Rationale: High-density lipoprotein cholesterol (HDL-C) promotes healthy vascular function, and it is decreased in insulin resistance. Insulin resistance predisposes to pulmonary vascular disease.
Objectives: We hypothesized that HDL-C is associated with clinical outcomes in pulmonary arterial hypertension (PAH).
Methods: Plasma HDL-C concentrations were measured in 69 patients with PAH (age, 46.7 +/- 12.9 yr; female, 90%) and 229 control subjects (age, 57 +/- 13 yr; female, 48%). Clinical outcomes of interest included hospitalization for PAH, lung transplantation, and all-cause mortality. Survival and time to clinical worsening curves were derived by the Kaplan-Meier method. Cox regression modeling of outcome versus HDL-C with individual covariate adjustments was performed.
Measurement and main results: HDL-C was low in subjects with PAH compared with control subjects (median, interquartile range: PAH: 36, 29-40 mg/dl; control subjects: 49, 40-60 mg/dl; P < 0.001). An HDL-C level of 35 mg/dl discriminated survivors from nonsurvivors, with a sensitivity of 100% and specificity of 60%. After a median follow-up of 592 days, high HDL-C was associated with decreased mortality (hazard ratio for every 5-mg/dl increase in HDL-C, 0.643; 95% confidence interval, 0.504-0.822; P = 0.001) and less clinical worsening (hazard ratio for every 5-mg/dl increase in HDL-C, 0.798; 95% confidence interval, 0.663-0.960; P = 0.02). HDL-C remained a significant predictor of survival after adjusting for cardiovascular risk factors, C-reactive protein, indices of insulin resistance, and severity of PAH (all P < 0.05).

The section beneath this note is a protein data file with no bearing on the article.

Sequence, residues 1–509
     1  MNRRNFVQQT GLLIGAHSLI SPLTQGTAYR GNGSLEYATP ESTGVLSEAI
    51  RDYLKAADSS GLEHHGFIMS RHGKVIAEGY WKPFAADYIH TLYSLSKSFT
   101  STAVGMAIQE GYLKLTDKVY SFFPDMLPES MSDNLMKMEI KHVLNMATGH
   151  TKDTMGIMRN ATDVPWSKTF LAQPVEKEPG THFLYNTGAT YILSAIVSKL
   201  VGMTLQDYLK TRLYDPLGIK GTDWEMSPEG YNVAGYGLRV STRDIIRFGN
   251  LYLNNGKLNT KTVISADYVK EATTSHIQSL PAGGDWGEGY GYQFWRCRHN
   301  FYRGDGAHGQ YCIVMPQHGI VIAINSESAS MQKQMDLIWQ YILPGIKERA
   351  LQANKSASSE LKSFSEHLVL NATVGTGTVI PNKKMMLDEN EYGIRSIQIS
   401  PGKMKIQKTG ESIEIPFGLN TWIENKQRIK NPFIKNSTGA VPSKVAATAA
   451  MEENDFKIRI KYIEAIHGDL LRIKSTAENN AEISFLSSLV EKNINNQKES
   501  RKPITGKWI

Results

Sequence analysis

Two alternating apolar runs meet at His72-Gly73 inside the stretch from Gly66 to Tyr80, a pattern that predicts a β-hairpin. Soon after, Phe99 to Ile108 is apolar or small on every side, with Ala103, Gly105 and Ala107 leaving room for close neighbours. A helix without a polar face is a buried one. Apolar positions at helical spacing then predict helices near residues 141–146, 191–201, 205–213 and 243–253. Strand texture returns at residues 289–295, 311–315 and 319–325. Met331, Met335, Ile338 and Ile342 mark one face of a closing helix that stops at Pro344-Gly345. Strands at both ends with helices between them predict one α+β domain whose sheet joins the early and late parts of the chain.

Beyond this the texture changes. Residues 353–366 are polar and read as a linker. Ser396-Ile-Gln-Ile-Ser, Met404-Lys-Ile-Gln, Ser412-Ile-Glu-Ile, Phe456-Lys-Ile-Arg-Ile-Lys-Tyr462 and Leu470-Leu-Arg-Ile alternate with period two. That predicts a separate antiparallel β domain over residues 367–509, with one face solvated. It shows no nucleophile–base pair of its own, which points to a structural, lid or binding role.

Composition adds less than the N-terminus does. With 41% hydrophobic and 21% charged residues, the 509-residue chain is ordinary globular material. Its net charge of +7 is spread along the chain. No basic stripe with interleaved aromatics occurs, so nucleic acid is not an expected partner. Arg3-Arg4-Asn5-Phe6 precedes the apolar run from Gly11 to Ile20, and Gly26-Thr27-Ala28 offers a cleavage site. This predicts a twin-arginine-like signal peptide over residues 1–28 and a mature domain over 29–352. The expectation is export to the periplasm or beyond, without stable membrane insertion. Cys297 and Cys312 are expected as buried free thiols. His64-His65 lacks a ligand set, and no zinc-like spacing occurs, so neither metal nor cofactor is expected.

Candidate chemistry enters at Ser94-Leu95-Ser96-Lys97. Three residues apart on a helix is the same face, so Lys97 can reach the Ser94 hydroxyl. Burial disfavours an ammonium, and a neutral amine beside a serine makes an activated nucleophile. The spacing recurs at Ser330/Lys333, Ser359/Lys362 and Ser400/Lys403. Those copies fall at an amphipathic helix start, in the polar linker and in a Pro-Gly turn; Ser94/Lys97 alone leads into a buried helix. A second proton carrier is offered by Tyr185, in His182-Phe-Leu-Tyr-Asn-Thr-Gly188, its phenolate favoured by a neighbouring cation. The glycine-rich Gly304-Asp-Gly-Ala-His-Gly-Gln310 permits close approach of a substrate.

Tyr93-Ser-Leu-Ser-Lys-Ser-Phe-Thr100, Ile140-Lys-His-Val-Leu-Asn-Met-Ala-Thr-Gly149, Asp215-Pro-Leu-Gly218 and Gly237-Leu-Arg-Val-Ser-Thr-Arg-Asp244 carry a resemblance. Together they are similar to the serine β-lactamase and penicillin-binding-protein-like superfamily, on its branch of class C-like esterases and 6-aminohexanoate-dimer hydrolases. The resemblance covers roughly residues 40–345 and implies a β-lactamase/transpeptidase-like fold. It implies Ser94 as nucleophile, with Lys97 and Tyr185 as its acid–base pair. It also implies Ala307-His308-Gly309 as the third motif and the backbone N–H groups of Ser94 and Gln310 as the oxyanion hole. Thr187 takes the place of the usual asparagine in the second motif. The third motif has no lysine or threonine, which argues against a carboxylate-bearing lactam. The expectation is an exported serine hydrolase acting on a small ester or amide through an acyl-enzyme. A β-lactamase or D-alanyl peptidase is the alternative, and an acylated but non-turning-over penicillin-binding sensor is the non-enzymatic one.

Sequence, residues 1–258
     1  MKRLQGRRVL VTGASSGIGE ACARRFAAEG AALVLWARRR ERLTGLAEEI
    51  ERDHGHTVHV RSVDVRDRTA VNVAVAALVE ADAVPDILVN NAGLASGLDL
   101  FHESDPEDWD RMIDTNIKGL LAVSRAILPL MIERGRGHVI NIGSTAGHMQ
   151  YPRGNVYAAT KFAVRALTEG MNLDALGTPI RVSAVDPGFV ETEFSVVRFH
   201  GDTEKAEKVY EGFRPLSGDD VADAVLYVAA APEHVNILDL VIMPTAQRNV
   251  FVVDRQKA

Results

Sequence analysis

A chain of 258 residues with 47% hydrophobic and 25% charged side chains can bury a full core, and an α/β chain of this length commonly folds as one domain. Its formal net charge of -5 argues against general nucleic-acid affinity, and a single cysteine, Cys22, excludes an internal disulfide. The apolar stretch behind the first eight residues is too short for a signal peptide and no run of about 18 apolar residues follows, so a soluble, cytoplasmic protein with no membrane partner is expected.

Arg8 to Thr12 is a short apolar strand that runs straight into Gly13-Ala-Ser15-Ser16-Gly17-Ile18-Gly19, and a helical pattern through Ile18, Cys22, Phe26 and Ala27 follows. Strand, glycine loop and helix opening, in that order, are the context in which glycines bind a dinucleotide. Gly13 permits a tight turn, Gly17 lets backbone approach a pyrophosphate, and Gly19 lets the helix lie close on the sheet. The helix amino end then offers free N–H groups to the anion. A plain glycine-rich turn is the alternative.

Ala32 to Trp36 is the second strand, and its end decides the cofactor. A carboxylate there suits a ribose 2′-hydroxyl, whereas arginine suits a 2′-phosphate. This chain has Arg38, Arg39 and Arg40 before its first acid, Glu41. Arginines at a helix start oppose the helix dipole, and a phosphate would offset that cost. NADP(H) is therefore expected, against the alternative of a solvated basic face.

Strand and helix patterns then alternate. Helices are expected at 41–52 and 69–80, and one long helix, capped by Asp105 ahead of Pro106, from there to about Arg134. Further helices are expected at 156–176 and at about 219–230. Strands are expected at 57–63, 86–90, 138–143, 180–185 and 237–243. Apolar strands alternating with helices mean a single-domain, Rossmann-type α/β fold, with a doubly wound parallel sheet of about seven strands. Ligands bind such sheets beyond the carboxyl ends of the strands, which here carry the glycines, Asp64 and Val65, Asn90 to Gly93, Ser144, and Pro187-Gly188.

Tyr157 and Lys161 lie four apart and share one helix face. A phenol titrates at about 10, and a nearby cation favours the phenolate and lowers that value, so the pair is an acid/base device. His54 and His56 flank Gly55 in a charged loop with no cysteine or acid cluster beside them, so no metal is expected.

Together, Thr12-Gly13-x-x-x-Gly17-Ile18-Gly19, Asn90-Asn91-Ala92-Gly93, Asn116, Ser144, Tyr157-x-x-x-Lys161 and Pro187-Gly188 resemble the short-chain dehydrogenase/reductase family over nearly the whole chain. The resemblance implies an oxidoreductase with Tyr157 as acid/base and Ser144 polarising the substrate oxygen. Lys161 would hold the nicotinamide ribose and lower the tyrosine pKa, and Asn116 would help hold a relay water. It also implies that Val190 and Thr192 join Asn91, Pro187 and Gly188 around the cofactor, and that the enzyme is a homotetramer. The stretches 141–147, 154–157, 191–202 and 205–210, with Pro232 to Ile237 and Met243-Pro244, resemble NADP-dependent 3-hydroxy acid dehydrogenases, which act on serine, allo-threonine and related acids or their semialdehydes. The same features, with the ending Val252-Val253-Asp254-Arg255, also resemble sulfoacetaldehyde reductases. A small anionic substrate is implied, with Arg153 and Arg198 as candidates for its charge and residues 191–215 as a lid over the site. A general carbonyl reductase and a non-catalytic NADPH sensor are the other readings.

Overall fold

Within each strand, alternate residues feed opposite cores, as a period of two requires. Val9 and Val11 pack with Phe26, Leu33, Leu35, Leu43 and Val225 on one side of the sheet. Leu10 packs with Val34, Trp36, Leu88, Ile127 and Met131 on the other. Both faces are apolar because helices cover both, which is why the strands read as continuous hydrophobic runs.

Conclusions: Low plasma HDL-C is associated with higher mortality and clinical worsening in PAH. This association does not appear to be explained by underlying cardiovascular risk factors, insulin resistance, or the severity of PAH.